Read the Full Article

Over 40 million guns were sold in 2020.  Of those, five million were likely purchased by first-time gun buyers, according to the National Shooting Sports Foundation, the firearms industry trade association.

Stands to reason that millions of people are looking for a place to safely store their newly purchased hardware.  Because as the Peter Parker principle remains us, “With great power, there must also come great responsibility” or as comedians Key and Peele say, “With great power comes great responsitrilitrance.”

Put bluntly, it is one’s duty as a responsible gun owner to properly secure his or her firearms.

Obviously, there are plenty of options out there, everything from trigger locks to gun cases to strong boxes and cabinets to, of course, gun safes.  One’s preferences, needs, and homelife will ultimately dictate which route one pursues.

For me, I recently decided it was time for a major upgrade.  Enter Steelhead Outdoors, the Minnesota-based manufacturer of the Nomad series of modular, easy-to-assemble, AND disassemble, gun safes.


Before we talk about the Nomad 32, lemme go ahead and address the elephant in the room.  Price.  Steelhead Outdoors’ gun safes cost a pretty penny.

My Nomad 32, the medium-sized base model, runs $2,995 BEFORE add-ons and any additional customization.

You should also figure in around $250-$450 for shipping costs.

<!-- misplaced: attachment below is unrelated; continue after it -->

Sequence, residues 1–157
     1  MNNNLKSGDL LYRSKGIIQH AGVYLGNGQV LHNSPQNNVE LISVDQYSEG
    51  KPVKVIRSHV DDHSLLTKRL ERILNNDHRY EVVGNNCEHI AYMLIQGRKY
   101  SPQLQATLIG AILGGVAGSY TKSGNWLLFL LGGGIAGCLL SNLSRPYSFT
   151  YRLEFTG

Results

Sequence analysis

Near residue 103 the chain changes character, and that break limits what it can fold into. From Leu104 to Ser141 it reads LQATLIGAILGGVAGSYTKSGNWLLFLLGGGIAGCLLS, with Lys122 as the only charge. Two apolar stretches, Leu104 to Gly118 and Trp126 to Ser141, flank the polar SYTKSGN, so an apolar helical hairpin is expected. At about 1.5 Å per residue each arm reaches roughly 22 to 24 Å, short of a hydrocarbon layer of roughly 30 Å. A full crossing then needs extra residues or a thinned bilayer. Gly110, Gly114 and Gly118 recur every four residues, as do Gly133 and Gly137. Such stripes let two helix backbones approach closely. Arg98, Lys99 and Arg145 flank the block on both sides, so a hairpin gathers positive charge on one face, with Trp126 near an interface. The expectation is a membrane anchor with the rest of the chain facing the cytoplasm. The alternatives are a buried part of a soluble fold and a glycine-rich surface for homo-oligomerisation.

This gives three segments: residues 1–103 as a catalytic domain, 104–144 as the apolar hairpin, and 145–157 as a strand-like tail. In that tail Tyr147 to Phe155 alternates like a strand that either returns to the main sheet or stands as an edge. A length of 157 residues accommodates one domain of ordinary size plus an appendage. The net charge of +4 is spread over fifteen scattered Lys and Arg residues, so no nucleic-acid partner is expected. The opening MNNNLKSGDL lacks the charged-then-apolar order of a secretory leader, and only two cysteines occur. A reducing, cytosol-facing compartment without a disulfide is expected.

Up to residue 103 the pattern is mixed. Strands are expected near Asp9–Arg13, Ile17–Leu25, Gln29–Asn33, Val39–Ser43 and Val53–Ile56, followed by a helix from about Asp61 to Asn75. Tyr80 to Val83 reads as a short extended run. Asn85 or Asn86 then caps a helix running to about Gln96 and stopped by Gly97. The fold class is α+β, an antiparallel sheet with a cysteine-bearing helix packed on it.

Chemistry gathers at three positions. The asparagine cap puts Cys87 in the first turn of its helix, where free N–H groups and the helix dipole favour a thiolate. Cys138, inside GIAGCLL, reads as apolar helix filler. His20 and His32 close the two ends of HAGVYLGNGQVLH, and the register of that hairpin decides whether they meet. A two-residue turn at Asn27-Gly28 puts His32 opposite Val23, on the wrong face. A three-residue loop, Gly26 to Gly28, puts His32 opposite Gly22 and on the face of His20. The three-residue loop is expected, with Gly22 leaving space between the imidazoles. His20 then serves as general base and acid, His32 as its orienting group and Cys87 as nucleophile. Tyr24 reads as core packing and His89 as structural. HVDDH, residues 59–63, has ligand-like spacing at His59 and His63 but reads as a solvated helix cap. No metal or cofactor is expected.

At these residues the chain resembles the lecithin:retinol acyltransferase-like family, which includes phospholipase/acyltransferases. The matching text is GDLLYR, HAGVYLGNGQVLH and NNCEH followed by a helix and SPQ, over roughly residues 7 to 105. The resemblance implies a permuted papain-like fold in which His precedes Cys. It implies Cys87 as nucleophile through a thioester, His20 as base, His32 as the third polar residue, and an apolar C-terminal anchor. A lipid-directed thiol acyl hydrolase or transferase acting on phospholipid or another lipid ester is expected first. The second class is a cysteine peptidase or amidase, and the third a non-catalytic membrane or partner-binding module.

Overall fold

Total package, again for the medium Nomad 32 (there is a smaller size available, the Nomad 26, which is cheaper, and a larger one, the Nomad 38, which is more expensive), is going to cost at the very least $3,250.  Not everyone has that kind of money to spend on a gun safe.  I understand that, which is why I’m saying this at the outset.

And yes, I know you can purchase a welded gun safe on Amazon with similar dimensions for about a third of the price (shipping not included).  You don’t need to point that out in the comments section.

Last word about sticker shock and then I’ll move on. You can’t talk about pricing in 2021 without talking about inflation. The cost of steel, along with just about everything else, has spiked since the Wuhan virus hit our shores.  Steel is up 219 percent since Jan. 1, 2020, according to Forbes. Buying anything these days, it seems, is going to be hard on the wallet. Steelhead told me they had to adjust their prices to remain profitable.


Okay, now if you’re still reading this you probably want to know what you get for your money.  The short answer is a lot (see the feature list below).  But the key difference between the Nomad and the majority of safes on the market is, in a word, mobility.  As the name implies, the “Nomad” can go anywhere!

I should note that this is not a novel concept. Other companies offer modular safes like the Snap Safe Paul reviewed years back. But I’m not sure any of the competitors in the marketplace match Steelhead’s quality and aesthetic. Apart from being the real deal, they look awesome to boot!